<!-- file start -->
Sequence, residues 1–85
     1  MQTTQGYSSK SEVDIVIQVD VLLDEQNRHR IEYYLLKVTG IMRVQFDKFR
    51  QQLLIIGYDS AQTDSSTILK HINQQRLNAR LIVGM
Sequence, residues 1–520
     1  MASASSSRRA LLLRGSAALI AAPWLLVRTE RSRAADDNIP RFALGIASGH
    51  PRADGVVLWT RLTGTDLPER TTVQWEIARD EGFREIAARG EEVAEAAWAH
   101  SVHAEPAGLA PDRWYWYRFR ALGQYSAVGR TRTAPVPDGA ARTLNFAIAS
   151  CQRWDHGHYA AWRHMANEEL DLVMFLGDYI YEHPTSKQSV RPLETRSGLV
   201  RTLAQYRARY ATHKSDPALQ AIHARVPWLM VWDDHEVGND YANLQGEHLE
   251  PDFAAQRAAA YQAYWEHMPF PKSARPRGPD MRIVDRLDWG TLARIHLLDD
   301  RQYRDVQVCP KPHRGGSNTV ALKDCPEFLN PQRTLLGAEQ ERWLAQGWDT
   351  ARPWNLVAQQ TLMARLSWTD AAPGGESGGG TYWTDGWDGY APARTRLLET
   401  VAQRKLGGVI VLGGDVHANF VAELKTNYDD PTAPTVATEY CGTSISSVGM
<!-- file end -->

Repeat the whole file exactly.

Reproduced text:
Sequence, residues 1–85
     1  MQTTQGYSSK SEVDIVIQVD VLLDEQNRHR IEYYLLKVTG IMRVQFDKFR
    51  QQLLIIGYDS AQTDSSTILK HINQQRLNAR LIVGM
Sequence, residues 1–520
     1  MASASSSRRA LLLRGSAALI AAPWLLVRTE RSRAADDNIP RFALGIASGH
    51  PRADGVVLWT RLTGTDLPER TTVQWEIARD EGFREIAARG EEVAEAAWAH
   101  SVHAEPAGLA PDRWYWYRFR ALGQYSAVGR TRTAPVPDGA ARTLNFAIAS
   151  CQRWDHGHYA AWRHMANEEL DLVMFLGDYI YEHPTSKQSV RPLETRSGLV
   201  RTLAQYRARY ATHKSDPALQ AIHARVPWLM VWDDHEVGND YANLQGEHLE
   251  PDFAAQRAAA YQAYWEHMPF PKSARPRGPD MRIVDRLDWG TLARIHLLDD
   301  RQYRDVQVCP KPHRGGSNTV ALKDCPEFLN PQRTLLGAEQ ERWLAQGWDT
   351  ARPWNLVAQQ TLMARLSWTD AAPGGESGGG TYWTDGWDGY APARTRLLET
   401  VAQRKLGGVI VLGGDVHANF VAELKTNYDD PTAPTVATEY CGTSISSVGM